5. Be where you are not where you think you should be.

Most of us spend an enormous amount of time and energy trying to be some future version of ourselves. As we push to be someone we have yet to become, we often forget how far we have come. Being in the moment and accepting where you are is the pulse of the Hawaiian Islands. But you don’t have to be in paradise to access this mentality.

6. Allow love in.

Wounds inflected from the past, hurt feelings, situations gone awry can bruise our hearts and prevent us from letting people in. But learning to receive love is often the most challenging life experience for emotional givers. In Hawaii, the love is everywhere, from the ocean waves to the sacred volcanoes. Love is the essence of life, and letting it into your heart is true happiness.

7. The little things are the big things.

No pretenses or superficial conversations occur in Hawaii. Slippers (flip-flops), no makeup and un-brushed hair are part of the lifestyle vernacular. Less is more in Hawaii, and many locals take time every day to soak in the moment. Watching the sunset, walking barefoot in the sand or resting on the lanai (porch) are all free, yet profoundly rewarding experiences. You don’t need a lot of money to be happy, you just need to appreciate the little things and see they are the biggest things.

8. Gratitude is the life force of everything.

Giving thanks is not only an essential part of living a happy life, but is the energetic life force. Hawaii locals know giving thanks is so important. Take note. Instead of focusing on what isn’t working, be thankful for what is. Recognize that when we are thankful, everything else can fall into place.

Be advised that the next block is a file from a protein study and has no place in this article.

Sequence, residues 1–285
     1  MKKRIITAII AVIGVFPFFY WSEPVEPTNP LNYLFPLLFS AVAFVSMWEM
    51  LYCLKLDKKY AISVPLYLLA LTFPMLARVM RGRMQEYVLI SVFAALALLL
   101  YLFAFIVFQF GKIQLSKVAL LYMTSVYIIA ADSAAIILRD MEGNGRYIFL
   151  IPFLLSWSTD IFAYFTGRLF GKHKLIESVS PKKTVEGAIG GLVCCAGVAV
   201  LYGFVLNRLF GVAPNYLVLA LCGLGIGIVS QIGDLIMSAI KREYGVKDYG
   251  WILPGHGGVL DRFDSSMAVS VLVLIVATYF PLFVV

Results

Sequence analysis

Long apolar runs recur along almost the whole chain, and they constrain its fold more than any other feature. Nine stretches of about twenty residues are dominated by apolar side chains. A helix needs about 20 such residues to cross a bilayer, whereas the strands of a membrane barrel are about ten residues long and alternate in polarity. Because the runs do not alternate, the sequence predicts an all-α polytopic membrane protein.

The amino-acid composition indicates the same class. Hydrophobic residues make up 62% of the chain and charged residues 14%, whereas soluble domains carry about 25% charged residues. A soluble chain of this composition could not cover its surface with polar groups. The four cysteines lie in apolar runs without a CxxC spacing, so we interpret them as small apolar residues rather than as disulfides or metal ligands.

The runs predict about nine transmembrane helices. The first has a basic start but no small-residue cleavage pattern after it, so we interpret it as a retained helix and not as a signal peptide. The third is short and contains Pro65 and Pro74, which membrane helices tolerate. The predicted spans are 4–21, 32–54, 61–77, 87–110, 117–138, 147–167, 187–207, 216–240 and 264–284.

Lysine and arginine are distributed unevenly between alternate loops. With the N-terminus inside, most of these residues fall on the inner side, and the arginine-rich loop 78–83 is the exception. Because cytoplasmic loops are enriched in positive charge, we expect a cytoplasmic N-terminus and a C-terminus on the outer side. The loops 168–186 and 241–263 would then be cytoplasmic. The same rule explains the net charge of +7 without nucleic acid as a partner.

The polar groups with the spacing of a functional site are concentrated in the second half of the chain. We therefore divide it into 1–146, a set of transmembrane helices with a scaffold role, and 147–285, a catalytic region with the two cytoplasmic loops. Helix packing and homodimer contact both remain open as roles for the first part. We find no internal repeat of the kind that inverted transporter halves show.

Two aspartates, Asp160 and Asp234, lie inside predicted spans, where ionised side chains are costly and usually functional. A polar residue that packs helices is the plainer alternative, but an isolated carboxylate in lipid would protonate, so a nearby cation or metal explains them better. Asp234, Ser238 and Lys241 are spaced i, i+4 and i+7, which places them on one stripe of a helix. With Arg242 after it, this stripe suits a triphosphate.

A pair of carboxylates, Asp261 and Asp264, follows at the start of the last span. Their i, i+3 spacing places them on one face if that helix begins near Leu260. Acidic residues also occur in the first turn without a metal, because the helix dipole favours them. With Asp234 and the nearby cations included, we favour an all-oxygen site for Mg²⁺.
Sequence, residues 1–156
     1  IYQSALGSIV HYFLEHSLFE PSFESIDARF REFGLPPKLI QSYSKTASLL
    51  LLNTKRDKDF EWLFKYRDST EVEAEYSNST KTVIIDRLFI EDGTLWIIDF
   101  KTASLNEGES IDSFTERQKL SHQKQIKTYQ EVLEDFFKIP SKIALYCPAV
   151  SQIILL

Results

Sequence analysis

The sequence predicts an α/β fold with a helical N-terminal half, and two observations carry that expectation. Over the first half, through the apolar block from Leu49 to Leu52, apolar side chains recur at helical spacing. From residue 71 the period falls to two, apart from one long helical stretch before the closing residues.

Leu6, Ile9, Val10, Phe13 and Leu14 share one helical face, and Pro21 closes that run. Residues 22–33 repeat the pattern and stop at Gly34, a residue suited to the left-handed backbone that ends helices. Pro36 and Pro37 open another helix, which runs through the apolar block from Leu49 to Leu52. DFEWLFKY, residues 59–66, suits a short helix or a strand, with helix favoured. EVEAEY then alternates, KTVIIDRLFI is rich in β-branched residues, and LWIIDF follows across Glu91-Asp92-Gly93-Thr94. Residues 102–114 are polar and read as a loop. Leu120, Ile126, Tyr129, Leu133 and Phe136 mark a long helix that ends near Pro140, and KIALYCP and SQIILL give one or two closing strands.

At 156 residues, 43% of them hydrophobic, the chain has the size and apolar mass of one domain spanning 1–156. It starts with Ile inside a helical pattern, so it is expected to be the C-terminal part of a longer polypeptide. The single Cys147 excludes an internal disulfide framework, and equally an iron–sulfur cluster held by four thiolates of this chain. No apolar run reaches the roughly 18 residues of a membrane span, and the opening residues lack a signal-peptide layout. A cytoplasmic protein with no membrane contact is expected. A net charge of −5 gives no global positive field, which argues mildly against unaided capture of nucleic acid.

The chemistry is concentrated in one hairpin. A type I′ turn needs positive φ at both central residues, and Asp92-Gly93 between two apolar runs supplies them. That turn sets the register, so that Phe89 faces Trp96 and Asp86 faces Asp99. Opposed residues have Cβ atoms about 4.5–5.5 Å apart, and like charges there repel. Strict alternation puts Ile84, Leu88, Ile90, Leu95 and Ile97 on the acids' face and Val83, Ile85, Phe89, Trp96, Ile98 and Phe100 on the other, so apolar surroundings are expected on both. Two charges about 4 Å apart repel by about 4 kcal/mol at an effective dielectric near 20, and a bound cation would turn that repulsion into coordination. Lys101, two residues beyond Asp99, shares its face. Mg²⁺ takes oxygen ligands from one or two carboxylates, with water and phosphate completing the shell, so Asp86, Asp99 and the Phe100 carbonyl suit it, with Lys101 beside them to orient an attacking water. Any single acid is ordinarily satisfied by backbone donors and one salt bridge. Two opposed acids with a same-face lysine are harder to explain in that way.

For more tips on how to be happy, grab this Free Guide.

Shannon Kaiser author page.
Shannon Kaiser

Shannon Kaiser is the best-selling author of 5 books on the psychology of happiness and fulfillment including The Self-Love Experiment and Adventures for Your Soul, Joy Seeker, and Unshakable Inner Peace Oracle card deck, and the forthcoming book Return to You. She has a B.A. in journalism and communications from the University of Oregon. As an international life coach, speaker, and retreat leader, she helps people awaken and align with their true selves so they can live their highest potential.

She's been named top 100 Women to Watch in wellness by mindbodygreen, alongside Cameron Diaz, Gwyneth Paltrow, Kris Carr and Gabriel Bernstein, and was listed as of the freshest voices in mental health and wellness by Chicken Soup for The Women's Soul. She's been named one of Entrepreneurs Must-Follow Instagram Accounts for Inspiration and Top Facebook Accounts for Daily Motivation by Mind Body Green.

Her website has been names top 75 Personal development websites and top 100 self-help websites by the institute for the Psychology of Eating. She's an international life coach and author mentor, and a full time world traveler with a home base in Portland, Oregon with her best friend, her Golden Retriever Chance, who she flew to China to Rescue.